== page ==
rights of free nations and less freedom for the individual.

    These matters would be difficult under any circumstances. They are further complicated by a trend in Western countries away from global engagement and democratic confidence.
    Parts of Europe have developed an identity crisis. We have seen
    insolvency, economic stagnation, youth unemployment, anger about
    immigration, resurgent ethno-nationalism, and deep questions about the
    meaning and durability of the European Union.

    America is not immune from these trends. In recent
    decades, public confidence in our institutions has declined. Our
    governing class has often been paralyzed in the face of obvious and
    pressing needs. The American dream of upward mobility seems out of reach
    for some who feel left behind in a changing economy. Discontent
    deepened and sharpened partisan conflicts. Bigotry seems emboldened. Our politics seems more vulnerable to conspiracy theories and outright fabrication.

    There are some signs that the intensity of support for democracy
    itself has waned, especially among the young, who never experienced the
    galvanizing moral clarity of the Cold War, or never focused on the ruin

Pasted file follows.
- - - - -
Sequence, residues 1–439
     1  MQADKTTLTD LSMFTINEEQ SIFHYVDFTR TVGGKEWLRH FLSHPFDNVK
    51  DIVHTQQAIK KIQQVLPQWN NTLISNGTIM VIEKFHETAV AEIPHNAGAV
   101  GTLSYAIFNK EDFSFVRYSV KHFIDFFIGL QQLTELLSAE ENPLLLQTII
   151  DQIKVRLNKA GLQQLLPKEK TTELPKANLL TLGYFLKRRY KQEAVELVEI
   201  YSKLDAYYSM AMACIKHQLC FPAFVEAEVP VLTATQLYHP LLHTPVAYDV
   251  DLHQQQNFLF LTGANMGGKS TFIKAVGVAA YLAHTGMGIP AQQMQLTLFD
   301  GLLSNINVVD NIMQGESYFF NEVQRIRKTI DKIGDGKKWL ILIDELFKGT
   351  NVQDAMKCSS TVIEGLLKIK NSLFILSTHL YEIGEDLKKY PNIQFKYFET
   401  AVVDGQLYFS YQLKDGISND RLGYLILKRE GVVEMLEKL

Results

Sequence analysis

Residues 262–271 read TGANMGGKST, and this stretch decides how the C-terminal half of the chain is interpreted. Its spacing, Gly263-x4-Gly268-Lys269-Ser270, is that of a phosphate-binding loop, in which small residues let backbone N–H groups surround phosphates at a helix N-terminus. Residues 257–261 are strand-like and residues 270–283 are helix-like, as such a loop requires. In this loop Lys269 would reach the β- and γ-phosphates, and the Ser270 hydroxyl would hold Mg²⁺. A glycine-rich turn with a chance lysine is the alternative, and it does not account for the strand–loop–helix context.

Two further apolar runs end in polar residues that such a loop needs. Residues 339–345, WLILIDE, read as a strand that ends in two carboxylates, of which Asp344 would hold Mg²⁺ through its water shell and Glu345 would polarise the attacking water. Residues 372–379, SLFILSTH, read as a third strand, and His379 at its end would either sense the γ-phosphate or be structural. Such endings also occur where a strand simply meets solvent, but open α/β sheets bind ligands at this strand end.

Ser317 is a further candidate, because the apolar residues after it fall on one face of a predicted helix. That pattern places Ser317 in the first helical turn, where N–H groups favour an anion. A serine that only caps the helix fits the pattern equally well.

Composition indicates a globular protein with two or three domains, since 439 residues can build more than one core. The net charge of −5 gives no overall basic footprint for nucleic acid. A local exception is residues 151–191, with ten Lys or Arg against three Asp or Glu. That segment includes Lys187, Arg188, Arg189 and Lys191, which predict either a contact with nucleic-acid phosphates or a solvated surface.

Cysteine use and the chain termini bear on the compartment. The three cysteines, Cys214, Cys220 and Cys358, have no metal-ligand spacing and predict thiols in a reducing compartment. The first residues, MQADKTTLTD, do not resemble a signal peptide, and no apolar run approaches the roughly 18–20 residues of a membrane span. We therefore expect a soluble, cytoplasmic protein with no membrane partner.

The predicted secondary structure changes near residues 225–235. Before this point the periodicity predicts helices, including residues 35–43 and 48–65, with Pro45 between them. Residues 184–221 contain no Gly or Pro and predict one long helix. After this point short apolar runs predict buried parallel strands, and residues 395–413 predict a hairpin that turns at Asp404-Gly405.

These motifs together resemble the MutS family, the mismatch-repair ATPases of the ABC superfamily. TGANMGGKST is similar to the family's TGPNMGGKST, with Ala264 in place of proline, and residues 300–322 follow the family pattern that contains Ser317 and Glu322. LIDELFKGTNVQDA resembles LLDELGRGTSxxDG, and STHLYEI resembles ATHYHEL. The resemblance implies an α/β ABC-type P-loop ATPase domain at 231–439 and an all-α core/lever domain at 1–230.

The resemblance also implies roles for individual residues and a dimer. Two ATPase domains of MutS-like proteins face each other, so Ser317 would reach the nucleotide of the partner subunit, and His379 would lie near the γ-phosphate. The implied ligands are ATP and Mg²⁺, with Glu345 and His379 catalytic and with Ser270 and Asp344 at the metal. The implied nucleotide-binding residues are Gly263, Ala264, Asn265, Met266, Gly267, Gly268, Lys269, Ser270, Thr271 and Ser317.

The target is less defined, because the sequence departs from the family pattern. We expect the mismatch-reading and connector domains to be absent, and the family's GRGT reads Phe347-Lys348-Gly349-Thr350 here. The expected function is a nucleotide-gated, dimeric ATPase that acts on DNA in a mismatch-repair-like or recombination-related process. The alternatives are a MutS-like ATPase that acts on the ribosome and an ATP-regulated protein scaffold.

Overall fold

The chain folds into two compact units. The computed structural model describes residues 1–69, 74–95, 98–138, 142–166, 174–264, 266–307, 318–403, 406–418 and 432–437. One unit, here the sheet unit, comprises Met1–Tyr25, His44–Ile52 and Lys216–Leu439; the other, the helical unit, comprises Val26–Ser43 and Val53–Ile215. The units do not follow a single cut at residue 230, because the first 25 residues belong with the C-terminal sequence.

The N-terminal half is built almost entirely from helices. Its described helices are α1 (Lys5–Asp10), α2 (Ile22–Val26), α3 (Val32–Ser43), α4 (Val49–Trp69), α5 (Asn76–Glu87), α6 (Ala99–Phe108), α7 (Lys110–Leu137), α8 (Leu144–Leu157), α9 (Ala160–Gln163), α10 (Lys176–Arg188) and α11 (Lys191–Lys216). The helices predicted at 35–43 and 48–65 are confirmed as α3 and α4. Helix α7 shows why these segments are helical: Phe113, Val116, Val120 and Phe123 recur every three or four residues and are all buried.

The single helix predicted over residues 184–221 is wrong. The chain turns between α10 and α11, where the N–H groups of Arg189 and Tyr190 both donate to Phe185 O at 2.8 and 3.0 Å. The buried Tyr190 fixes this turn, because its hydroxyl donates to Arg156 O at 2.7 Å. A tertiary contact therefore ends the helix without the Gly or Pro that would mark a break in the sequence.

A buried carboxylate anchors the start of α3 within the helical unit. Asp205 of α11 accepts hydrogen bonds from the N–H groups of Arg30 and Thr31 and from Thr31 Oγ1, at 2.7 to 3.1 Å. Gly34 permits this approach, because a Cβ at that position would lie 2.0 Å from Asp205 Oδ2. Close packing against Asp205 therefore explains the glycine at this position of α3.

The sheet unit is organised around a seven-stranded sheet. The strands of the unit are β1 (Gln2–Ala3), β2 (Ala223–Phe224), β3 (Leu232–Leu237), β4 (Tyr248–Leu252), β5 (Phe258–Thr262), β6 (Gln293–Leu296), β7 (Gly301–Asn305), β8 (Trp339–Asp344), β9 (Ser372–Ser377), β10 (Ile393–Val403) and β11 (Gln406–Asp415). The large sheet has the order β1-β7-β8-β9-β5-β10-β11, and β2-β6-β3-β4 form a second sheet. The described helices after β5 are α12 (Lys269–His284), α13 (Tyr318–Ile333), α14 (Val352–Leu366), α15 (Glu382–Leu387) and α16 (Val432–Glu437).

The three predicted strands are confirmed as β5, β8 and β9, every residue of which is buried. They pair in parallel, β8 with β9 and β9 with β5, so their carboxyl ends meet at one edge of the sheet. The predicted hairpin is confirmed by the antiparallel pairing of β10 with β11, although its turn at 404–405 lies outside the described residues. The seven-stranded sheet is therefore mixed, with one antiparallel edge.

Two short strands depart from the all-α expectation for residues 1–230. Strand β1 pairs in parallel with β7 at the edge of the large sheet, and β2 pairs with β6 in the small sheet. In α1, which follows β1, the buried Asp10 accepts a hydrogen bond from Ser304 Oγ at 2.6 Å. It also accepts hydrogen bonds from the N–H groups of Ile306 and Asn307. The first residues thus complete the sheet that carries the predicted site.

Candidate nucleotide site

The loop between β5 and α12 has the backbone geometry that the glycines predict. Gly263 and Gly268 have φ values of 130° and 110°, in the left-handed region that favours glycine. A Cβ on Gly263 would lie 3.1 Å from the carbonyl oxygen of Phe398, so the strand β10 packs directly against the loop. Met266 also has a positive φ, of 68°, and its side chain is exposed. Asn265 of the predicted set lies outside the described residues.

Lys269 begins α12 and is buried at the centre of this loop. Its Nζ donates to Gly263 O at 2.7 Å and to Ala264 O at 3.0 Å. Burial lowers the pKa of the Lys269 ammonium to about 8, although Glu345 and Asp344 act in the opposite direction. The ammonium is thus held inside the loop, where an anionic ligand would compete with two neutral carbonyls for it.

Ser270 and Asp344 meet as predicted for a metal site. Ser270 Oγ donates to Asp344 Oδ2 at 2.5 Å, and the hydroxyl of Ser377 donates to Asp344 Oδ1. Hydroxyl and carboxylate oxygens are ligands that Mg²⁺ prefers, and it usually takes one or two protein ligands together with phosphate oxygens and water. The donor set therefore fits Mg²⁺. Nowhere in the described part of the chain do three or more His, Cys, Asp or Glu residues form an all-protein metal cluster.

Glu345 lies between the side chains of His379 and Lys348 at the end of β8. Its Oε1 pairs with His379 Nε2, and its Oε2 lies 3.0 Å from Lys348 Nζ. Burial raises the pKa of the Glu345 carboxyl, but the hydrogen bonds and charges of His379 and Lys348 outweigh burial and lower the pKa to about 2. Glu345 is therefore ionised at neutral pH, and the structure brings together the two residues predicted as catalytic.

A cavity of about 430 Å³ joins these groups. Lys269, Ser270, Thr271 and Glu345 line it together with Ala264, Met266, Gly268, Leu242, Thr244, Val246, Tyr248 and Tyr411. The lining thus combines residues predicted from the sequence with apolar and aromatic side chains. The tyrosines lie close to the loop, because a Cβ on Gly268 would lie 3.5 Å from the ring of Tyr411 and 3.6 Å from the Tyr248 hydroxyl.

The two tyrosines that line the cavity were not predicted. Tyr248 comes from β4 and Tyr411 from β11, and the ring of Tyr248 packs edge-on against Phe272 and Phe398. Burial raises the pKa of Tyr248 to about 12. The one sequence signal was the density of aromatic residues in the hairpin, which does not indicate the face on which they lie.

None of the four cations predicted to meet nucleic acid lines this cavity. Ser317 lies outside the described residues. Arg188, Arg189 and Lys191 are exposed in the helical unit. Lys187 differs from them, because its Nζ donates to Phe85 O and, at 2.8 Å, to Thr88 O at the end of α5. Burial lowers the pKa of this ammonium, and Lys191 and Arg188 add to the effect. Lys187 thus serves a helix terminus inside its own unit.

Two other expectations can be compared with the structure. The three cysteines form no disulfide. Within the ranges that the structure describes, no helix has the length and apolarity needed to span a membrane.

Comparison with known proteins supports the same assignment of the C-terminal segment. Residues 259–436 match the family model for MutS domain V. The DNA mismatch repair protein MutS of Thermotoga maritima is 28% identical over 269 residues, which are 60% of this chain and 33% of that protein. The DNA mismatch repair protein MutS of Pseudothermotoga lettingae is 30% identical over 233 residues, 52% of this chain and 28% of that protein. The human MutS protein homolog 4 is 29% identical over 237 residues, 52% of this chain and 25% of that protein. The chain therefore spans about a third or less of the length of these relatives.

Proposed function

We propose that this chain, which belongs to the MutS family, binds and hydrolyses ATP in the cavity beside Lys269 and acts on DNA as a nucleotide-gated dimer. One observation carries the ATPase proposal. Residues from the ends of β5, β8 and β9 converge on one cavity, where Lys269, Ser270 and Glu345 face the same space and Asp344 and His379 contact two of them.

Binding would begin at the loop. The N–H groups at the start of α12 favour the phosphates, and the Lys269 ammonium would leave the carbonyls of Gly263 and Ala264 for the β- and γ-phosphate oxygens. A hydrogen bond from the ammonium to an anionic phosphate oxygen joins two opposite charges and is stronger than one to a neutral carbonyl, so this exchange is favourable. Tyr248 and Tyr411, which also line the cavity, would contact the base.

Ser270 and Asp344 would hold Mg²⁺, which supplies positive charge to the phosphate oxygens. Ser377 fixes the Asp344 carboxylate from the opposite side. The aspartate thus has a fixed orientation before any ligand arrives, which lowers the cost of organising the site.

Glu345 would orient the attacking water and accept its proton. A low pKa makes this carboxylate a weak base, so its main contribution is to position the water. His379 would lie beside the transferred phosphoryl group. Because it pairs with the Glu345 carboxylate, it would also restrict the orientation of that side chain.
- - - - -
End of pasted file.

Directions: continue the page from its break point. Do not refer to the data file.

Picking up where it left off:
of entire nations by socialist central planning. Some have called this
    “democratic deconsolidation.” Really, it seems to be a combination of
    weariness, frayed tempers, and forgetfulness.

    We have seen our discourse degraded by casual cruelty.
    At times, it can seem like the forces pulling us apart are stronger
    than the forces binding us together. Argument turns too easily into
    animosity. Disagreement escalates into dehumanization. Too
    often, we judge other groups by their worst examples while judging
    ourselves by our best intentions – forgetting the image of God we should
    see in each other.

    We’ve seen nationalism distorted into nativism – forgotten the dynamism that immigration has always brought to America.
    We see a fading confidence in the value of free markets and
    international trade – forgetting that conflict, instability, and poverty
    follow in the wake of protectionism.

    We have seen the return of isolationist sentiments –
    forgetting that American security is directly threatened by the chaos